Publication - Research and analysis

Growing up in Scotland: the impact of children's early activities on cognitive development

Published: 18 Mar 2009
Directorate:
Children and Families Directorate
Part of:
Children and families, Education
ISBN:
9780755919680

This report uses data from the first three waves of the Growing Up in Scotland study (GUS) to explore children’s cognitive ability.

92 page PDF

1.8 MB

92 page PDF

1.8 MB

Contents
Growing up in Scotland: the impact of children's early activities on cognitive development
Chapter 1 Introduction

92 page PDF

1.8 MB

Chapter 1 Introduction

One of the Scottish Government's five strategic objectives focuses on developing skills and raising achievement as a means to drive economic growth. The policy implications resulting from this report feed directly into this 'Smarter Scotland' objective as set out in the National Performance Framework (Scottish Government, 2007):

"A smarter Scotland will identify and address risks to its children, young people and families, so they can develop and flourish."

This report uses data from the Growing Up in Scotland study ( GUS) to explore children's cognitive ability, as measured by two assessments carried out at age 34 months. Two of the outcomes associated with the Smarter Scotland objective are particularly pertinent in the context of a report on children's outcomes in the first few years of life. These are: "our children have the best start in life and are ready to succeed" and "we have improved the life chances for children, young people and families at risk". Early identification of factors that hinder children's development is critical so that effective steps can be taken to address the consequences of early disadvantage for those children affected as well as to help minimise the risk that those factors will continue to disadvantage children in the future. The joint policy statement "Early Years and Early Intervention" (Scottish Government and COSLA, 2008) set out the principles of a framework for dealing with disadvantage in Scotland by prioritising action in the early years. As will be evident from the outset, child outcomes are highly socially patterned even from the very first few days of a child's life. GUS can help to identify and quantify the variable ways in which child development is related to children's social backgrounds.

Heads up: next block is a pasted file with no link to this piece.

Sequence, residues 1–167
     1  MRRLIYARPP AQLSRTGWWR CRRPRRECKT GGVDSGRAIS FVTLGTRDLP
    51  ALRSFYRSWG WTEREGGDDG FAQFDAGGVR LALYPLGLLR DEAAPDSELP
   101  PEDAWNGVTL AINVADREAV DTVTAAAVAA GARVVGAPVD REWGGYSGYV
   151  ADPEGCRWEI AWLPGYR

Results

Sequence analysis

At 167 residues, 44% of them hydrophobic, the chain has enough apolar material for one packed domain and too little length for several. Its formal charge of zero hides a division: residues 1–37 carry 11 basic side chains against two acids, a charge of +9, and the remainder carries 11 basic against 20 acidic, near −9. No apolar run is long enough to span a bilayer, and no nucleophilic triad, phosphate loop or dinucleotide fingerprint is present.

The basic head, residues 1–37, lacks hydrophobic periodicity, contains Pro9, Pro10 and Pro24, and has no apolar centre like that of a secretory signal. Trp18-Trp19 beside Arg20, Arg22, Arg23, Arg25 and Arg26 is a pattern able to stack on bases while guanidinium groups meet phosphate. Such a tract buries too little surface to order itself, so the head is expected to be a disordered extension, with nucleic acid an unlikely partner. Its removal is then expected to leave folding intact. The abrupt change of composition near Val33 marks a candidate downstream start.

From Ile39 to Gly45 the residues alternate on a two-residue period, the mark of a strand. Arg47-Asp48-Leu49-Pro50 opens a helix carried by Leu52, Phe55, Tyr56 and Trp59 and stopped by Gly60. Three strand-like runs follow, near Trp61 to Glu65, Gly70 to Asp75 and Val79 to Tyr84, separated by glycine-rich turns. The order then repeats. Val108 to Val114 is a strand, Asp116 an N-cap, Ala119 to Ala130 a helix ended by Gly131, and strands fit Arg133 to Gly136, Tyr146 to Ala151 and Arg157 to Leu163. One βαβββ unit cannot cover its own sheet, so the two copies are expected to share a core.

GUS is an important longitudinal research project aimed at tracking the lives of a cohort of Scottish children from the early years, through childhood and beyond. Its principal aim is to provide information to support policy-making, but it is also intended to be a broader resource that can be drawn on by academics, voluntary sector organisations and other interested parties. Focusing initially on a cohort of 5,217 children aged 0-1 years old
(the birth cohort) and a cohort of 2,859 children aged 2-3 years old (the child cohort),
the first wave of fieldwork began in April 2005 and annual data collection from both cohorts has been undertaken since that time. 1 The analysis in this report concerns children in the birth cohort.

This report comprises four main sections plus a conclusion which address the following two questions:

Do children's early activities have an influence on cognitive development in addition to socio-demographic factors?

Do children's early activities moderate the effect of socio-demographic factors on cognitive development?

The first section (Chapter 2) outlines the cognitive ability measures used in the study and includes some discussion of previous analyses of this concept. Chapter 3 introduces the measures of children's activities and parental attitudes towards them that are used to help answer the two central questions. This chapter also presents differences by a number of socio-demographic measures. Chapter 4 outlines the relationships between socio-demographic factors, children's activities and parents' attitudes, and cognitive ability measures. The analysis concludes in Chapter 5 which examines whether there are independent relationships between both the socio-demographic factors and the activity measures and cognitive ability.

All of the statistics have been weighted by a specially constructed weight to adjust for non-response and sample selection. Both weighted and unweighted sample sizes are given in each table. All analyses have been weighted and have had standard errors adjusted to take account of the cluster sampling.